Daily Class Routine – Language Learner’s Daily Mistakes and Evaluation

Daily Class Routine – Language Learner’s Daily Mistakes and Evaluation

Sarah Halter

Meet ... Sarah Halter

China Study Abroad Graduate: English
Location: Beijing, China
Studying: Spending four weeks immersed in the Chinese culture while visiting majestic, historical sites and studying at the prestigious Institute of Chinese as Second Language of Peking University.

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Being in Chinese class 4 out of 9 after only studying Chinese for a little less than a year is definitely a challenge, but I feel that it is really going to help accelerate my Chinese language skills.

Every day at the start of my spoken Chinese class, we have a 听写(ting xie- translating to “listen write”), which is a small quiz on the latest (or new) lesson’s characters. We have to write the character after the teacher says it aloud, hence the translation. This is probably the most difficult aspect of class for me because I have to devote a good deal of time to writing characters, the area of the language that I feel I need the most improvement at this point.

For an English-speaker, writing characters for evaluation and constantly learning new ones can be very difficult. However, this daily evaluation forces me to keep on top of the class material. It also helps me to not be so caught up in perfecting my work. The teachers check every single stroke we write for the ting xie, and even if one stroke within a written character is out of place or missing, we lose a half-point. Scoring 9 points out of ten makes me feel very accomplished when normally I’d be ticked that I missed a point.

As a language learner, you make mistakes all the time. It’s something that you have to accept in your daily routine when you work with the language, whether in class or out in the real world. When talking to other Chinese speakers, I am sometimes misunderstood. When this happens, I try to not become frustrated. I keep trying to practice, even though my tongue and ears are often quite tired from listening and articulating at the day’s end.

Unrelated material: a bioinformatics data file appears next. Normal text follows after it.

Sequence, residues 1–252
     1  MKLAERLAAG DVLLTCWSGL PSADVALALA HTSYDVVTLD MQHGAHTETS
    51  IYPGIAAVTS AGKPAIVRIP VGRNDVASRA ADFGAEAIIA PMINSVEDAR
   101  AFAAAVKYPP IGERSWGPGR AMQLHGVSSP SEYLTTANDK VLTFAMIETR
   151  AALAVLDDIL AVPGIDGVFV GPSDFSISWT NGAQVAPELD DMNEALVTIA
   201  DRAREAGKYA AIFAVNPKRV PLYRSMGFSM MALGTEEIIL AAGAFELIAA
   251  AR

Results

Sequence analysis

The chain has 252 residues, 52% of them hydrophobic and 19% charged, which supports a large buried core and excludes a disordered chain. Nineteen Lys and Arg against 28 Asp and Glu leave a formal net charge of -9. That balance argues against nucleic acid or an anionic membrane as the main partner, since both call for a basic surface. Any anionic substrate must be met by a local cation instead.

The actual exams in class are not as terrifying as I thought they would be. In comprehensive Chinese, the exams are written ones. They are fair because they are based on the material that the teacher specifies. In spoken Chinese, we have to do a presentation every Friday using words found in the recent lessons. They also allow us to use creativity with the language, and this often makes preparing for the presentation fun! For our first exam, we had to introduce a new friend we made at PKU to the class, and for our second exam, we had to show and describe our favorite personal photographs.

These assignments are also giving me ideas for student evaluation when I start teaching English at Shandong University of Technology. This whole experience has not only allowed me to practice and hone my Chinese, but it also has really given me a lot to think about when it comes to teaching foreign language. Even though during some days it feels like I have such a long way to go and there is still so much work to be done, I have a good feeling that everything I am learning at PKU will pay off in the near future.

Kongfu Show - “When you feel you are at your strongest, you may be at your weakest”

Hong Theater This past week, we went to see a Kongfu show at the Hong Theater. I swear there were more foreigners at Beijing than there were at the university at the theater.

The show basically covered a young boy’s coming of age story, which is a very common theme in Western literature and entertainment. He had to become a warrior monk and learn life lessons based on not giving into earthly desires, being in touch with nature, and overcoming the ego (my psychoanalytical side went nuts over this one). “When you feel you are at your strongest, you may be at your weakest” was one of the main themes. I would even argue that this was the main theme of the performance.